The Bluetooth Special Interest Group (SIG) announced the adoption of Bluetooth Core Specification Version 2.0 + EDR (Enhanced Data Rate). Increased data rates and lower power consumption will improve the Bluetooth user experience when running multiple Bluetooth devices simultaneously and transferring large data files, as well as enabling longer battery life in mobile devices. The new specification defines speeds up to three times current levels.
“The motivation behind 2.0 + EDR was to improve existing usage scenarios which require increased data throughput, like streaming CD-quality audio, digital image transfer and laser printing,” said Dr. Michael Foley, executive director of the Bluetooth SIG. “Now manufacturers can update to the latest Bluetooth specification to fit the demands of consumers for their particular product – and the user will get a better Bluetooth experience.”
The main features of Bluetooth Core Specification Version 2.0 + EDR are:
3 times faster transmission speed (up to 10 times in certain cases)
Lower power consumption through reduced duty cycle
Simplification of multi-link scenarios due to more available bandwidth
Backwards compatible to earlier versions
Further improved BER (Bit Error Rate) performance
The Bluetooth SIG expects products based upon the specification to be available in 2005. Products from the PC industry are expected to be the first on the market with the new specification, followed by devices for audio and imaging use cases.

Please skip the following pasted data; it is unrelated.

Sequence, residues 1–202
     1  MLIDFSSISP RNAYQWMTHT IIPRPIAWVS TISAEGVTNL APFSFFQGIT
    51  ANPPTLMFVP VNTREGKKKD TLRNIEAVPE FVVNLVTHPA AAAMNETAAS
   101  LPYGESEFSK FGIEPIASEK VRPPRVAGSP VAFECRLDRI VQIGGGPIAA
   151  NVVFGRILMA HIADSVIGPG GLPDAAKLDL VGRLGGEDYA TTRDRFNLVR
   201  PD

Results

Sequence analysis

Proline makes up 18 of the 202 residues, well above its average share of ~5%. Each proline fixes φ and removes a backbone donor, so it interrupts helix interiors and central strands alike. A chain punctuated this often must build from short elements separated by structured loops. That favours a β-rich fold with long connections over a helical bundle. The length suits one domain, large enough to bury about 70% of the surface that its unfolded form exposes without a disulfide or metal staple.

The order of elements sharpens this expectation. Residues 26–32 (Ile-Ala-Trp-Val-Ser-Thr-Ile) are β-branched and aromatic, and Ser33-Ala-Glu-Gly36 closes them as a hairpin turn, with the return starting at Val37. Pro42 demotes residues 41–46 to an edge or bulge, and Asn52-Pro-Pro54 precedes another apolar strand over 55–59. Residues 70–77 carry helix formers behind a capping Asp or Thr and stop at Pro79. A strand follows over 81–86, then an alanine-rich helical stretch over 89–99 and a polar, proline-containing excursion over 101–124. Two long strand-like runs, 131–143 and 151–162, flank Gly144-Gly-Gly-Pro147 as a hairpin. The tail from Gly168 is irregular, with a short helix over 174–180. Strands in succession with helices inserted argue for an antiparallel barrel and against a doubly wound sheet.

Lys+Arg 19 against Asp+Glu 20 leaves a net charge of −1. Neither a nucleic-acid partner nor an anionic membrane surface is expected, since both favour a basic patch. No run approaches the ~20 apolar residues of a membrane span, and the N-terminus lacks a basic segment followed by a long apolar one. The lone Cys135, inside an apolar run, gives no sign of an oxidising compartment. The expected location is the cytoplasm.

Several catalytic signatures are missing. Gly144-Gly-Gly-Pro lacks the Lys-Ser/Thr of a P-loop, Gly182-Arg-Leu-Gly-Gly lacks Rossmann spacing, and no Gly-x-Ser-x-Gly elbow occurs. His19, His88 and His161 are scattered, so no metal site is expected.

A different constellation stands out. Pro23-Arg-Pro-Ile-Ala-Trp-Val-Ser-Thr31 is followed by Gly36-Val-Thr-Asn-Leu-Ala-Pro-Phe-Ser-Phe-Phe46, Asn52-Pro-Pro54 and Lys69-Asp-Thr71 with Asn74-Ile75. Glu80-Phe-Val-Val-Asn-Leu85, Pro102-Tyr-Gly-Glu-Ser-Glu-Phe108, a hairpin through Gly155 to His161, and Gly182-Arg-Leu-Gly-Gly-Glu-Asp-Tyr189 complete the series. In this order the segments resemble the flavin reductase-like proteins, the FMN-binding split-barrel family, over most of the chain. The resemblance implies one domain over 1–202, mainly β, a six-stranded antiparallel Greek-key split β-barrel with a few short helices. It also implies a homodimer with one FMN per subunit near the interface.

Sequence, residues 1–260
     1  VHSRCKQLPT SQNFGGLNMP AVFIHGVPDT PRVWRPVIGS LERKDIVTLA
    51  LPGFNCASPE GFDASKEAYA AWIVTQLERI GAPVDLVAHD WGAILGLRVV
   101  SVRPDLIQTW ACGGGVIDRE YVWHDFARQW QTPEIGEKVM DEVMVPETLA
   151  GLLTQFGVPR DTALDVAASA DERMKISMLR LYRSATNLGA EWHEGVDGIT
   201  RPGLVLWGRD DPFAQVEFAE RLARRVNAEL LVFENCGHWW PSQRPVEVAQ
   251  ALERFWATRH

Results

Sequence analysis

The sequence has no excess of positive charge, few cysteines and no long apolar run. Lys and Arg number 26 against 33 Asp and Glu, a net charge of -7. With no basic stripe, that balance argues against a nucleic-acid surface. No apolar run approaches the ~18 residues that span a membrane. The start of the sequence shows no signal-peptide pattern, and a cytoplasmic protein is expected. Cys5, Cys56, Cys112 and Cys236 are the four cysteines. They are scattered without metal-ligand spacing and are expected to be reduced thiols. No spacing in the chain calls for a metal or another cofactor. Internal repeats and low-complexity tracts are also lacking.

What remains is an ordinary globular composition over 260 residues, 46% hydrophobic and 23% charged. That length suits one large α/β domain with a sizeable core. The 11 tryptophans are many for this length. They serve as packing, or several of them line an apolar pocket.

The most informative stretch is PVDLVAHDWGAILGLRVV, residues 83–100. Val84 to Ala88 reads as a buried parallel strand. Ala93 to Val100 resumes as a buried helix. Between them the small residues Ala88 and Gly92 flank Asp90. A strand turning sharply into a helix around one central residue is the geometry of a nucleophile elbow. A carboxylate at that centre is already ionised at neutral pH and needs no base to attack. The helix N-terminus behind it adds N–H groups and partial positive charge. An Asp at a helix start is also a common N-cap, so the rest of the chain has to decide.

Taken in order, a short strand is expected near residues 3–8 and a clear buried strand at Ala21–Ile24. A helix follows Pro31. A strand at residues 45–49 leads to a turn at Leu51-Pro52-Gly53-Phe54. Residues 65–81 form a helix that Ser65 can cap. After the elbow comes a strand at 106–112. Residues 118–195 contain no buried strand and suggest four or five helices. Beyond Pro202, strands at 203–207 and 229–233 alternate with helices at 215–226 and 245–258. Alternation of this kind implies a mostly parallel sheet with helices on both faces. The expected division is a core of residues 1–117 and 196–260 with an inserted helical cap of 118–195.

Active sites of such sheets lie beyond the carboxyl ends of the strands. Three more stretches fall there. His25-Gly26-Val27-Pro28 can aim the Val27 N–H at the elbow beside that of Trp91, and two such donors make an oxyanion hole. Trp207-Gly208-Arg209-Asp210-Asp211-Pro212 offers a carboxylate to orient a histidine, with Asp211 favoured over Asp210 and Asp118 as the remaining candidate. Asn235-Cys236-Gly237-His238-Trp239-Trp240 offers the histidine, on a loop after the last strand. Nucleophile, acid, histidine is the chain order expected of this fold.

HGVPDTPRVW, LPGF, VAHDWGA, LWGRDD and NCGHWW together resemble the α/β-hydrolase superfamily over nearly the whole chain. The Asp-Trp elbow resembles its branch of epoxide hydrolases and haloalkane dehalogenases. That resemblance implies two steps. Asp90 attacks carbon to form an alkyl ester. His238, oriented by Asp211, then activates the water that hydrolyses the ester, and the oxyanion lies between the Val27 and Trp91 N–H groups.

Also announced was a three-year roadmap outlining a series of enhancements to the Bluetooth specification. The SIG (Special Interest Group) believes that updates in the areas of performance, security, power optimization and usability will help maintain Bluetooth technology’s position and establish a role in new markets.
In 2004 the Bluetooth SIG focus is on Performance and Power Consumption. It is expected an increasing need in the coming years for the technology to transfer larger data-intensive files wirelessly between personal devices, handle streaming CD-quality audio and run multiple, simultaneous device connections. The 2004 section of the roadmap will help address the necessary speed and through-put for these types of Bluetooth applications. The initial step is the announced of Bluetooth Version 2.0 + EDR (Enhanced Data Rate).
During 2005 the focus moves to Quality of Service (QoS), Security and Power Consumption, when the Bluetooth SIG will test and release a new version of the specification that will further enhance the usability of multi-device scenarios, improve overall security, and dramatically improve power consumption, enabling Bluetooth sensors to last for multiple years on a single battery. QoS enhancements address a need for more Bluetooth devices to be connected and run simultaneously, without latency or interference. With QoS, devices communicate their data transfer needs and traffic is prioritized accordingly. For example, Bluetooth technology will recognize that printing can handle a one second delay while a mouse or stereo headset cannot tolerate much latency. In terms of security this specification will enhance privacy during pairing by suggesting longer, alphanumeric pins, dramatically reducing the possibility for a security breach.
There will be an increase in the piconet maximum from seven slaves and one master to 255 devices plus master, which will make Bluetooth technology well-suited for sensor scenarios such as home security systems and industrial automation applications.
Finally, 2006 will see work on Multi-cast, Security and Performance. Multi-cast capabilities will allow the same message to be sent to multiple devices one time, simultaneously allowing for improved usability and power consumption in applications like multiplayer gaming, multiple stereo headphones and speakers. The Bluetooth SIG expects by then performance enhancements will increase the range of very low power Bluetooth enabled sensors to approximately 100 meters.